Earlier this month, the UK Jurisdiction Taskforce published a consultation report on digital securities.
Questions are outlined in the consultation paper to inform the legal statement, including whether digital securities can be issued appropriately using blockchain or distributed ledger technology, the form in which they might be given, and the method by which they could be transferred.
Also addressed in the consultation are questions about rights to digital securities and corporate requirements companies must comply with when issuing and transferring digital assets.
Speaking to Hash Legal about the consultation, they state, “The UK Jurisdiction Taskforce (UKJT) report is asking the right questions regarding digital securities. Analysis of debt securities in the context of Distributed Ledger Technology (DLT) and recommendations by the Taskforce is likely to ensure widespread acceptance of digital assets by legacy financial institutions.”
They also point out that “the common law needs to rethink private and property law on a first principle basis to reevaluate its relationship with digital assets. It would also be prudent if the Taskforce considered the strides being taken by UNIDROITs’ Digital Asset Working Group, American Law Institute, Uniform Law Commissions’ Report, etc. while coming out with the final Report. Finally, unless there is a statutory backing and modification of the law to the extent necessary, as well-intentioned as the Report may be, it would fall short of real change.”
Background of consultation
Institutions operating in the financial markets have made digital transformation their top priority.
There is much recognition that blockchain, DLT, and associated technologies are potentially beneficial, with many use cases emerging.
According to LawtechUK, “The UK, including the UK legal services sector, would benefit considerably if English law were to be a leading choice of law for such arrangements.” Several jurisdictions have adopted legislation to facilitate commercial blockchain and DLT use.
American regulatory environment
Speaking to Nick Rishwain, a US-based legal tech expert, he comments, “From my point of view, in the US, it’s nice to see UK government agencies working to be openly supportive of this technology. In the US, government involvement has not provided clarity for development nor a welcoming regulatory environment. It’d be nice to see our federal government, California or New York, take a page out of the UK’s regulatory book.”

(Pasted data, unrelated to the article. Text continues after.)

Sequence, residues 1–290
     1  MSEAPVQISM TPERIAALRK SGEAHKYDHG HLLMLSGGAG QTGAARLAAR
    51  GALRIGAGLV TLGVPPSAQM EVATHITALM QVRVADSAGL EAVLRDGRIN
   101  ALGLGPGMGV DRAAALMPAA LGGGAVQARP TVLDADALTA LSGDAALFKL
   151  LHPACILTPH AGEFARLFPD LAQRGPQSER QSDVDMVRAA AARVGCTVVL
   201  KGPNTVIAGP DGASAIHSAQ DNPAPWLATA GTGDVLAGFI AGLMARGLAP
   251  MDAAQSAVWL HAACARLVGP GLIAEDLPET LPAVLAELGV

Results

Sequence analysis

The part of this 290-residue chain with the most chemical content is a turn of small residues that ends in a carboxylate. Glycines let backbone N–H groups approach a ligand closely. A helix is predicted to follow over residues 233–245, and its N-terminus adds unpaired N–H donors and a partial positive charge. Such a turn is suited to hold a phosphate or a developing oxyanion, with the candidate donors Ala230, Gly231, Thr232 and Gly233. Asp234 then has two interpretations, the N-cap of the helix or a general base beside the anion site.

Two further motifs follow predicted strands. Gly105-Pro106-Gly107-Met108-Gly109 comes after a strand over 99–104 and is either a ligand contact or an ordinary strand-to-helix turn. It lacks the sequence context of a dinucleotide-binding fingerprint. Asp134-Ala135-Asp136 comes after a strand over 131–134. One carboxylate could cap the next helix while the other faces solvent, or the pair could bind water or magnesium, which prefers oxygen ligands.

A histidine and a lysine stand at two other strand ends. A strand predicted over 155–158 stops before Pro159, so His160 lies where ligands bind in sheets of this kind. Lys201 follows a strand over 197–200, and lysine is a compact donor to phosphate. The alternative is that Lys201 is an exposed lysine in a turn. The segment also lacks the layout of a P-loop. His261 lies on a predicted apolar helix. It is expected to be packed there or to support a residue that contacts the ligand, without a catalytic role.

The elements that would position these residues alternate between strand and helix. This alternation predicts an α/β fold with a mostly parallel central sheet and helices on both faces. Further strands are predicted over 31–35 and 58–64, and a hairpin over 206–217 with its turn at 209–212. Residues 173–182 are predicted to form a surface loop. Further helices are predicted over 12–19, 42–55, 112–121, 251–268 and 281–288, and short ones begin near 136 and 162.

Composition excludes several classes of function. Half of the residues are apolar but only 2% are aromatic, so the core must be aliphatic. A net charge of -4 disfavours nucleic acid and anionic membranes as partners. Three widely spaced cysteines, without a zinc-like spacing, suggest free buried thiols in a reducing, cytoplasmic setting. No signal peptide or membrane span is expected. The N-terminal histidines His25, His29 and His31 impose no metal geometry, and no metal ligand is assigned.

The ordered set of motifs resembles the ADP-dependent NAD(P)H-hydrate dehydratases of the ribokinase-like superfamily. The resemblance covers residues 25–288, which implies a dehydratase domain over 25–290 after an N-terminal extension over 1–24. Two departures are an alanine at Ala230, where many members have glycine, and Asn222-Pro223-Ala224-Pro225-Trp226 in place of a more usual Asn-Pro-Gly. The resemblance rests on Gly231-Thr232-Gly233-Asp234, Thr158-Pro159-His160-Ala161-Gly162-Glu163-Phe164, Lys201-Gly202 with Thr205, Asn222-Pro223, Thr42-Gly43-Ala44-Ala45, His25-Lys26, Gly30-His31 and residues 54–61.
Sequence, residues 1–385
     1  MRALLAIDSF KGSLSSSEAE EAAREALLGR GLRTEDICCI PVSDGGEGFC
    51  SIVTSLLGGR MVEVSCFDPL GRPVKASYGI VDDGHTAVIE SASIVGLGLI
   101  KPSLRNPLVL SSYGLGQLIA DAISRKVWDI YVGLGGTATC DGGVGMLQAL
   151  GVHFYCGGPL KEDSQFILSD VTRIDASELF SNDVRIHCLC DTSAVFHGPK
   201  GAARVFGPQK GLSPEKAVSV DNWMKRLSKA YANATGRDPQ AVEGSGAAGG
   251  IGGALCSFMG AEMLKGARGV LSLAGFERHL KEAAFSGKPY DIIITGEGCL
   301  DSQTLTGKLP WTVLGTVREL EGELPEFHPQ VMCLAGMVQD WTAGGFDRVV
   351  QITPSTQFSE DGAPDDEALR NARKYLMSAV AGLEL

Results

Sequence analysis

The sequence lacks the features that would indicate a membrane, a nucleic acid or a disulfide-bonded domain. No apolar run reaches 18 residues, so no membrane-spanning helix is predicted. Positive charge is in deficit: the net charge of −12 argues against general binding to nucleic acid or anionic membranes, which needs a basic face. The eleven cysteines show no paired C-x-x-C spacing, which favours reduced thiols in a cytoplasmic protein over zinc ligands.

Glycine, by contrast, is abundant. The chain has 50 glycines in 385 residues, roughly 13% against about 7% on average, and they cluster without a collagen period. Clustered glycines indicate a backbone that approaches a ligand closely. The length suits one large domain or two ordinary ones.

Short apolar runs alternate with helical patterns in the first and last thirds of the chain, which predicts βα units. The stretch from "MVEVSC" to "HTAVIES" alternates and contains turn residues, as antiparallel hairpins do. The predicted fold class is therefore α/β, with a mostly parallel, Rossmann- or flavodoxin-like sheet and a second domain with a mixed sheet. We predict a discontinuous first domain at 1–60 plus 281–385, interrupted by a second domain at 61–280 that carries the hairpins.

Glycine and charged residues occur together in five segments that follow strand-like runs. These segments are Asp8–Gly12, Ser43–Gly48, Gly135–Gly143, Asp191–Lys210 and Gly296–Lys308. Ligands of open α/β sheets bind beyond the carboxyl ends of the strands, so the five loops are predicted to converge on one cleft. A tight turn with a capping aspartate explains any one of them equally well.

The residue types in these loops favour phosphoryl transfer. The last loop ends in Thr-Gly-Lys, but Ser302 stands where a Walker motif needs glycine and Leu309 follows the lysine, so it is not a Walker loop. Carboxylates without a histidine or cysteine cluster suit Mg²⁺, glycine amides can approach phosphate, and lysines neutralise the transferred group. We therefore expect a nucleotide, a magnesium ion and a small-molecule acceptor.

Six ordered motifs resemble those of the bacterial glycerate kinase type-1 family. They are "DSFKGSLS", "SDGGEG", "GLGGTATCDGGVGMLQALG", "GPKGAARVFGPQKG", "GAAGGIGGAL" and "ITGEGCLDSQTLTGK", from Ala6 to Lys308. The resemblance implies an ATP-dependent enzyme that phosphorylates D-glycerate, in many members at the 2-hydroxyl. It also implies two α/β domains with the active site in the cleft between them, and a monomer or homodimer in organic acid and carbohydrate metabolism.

Then he also emphasizes the potential challenges. “They will likely experience most challenges from financial regulators and entrenched financial interests. However, the UKJT’s interest in promoting English law as the choice for new digital asset technologies is the right frame of mind for regulators in this space. It is a positive pro-development goal. Hopefully, it will help build a cleaner regulatory environment for startups and businesses using this technology successfully.”
History of the regulation
As of November 2018, the UK Jurisdiction Taskforce published its Legal Statement on Cryptoassets and Smart Contracts, which outlines its legal jurisdiction and policy framework. Cryptocurrency assets were deemed property under English law, and smart contracts were regarded as contracts. The Legal Statement has been welcomed.
As part of the publication of on-chain digital relationships and smart contracts, the UK Jurisdiction Taskforce published its Digital Dispute Resolution Rules on April 22, 2021. It allows for concise arbitration or expert dispute resolution within short periods, enables arbitrators to implement their decisions directly on-chain using a private key, and allows parties to maintain their anonymity.
With the advent of blockchains and distributed ledger systems, the UK Jurisdiction Taskforce has turned its attention to how English law can be utilized to issue and transfer equity and debt securities.
Responses to the consultation can be submitted up until September 23, 2022. Then a public event will receive in-person feedback on the consultation. It is intended that a sub-committee of the UKJT (Lawrence Akka QC, David Quest QC, Richard Hay, Matthew Lavy, Sam Goodman, and Anne Rose) will prepare the Legal Statement for publication after the results of the consultation.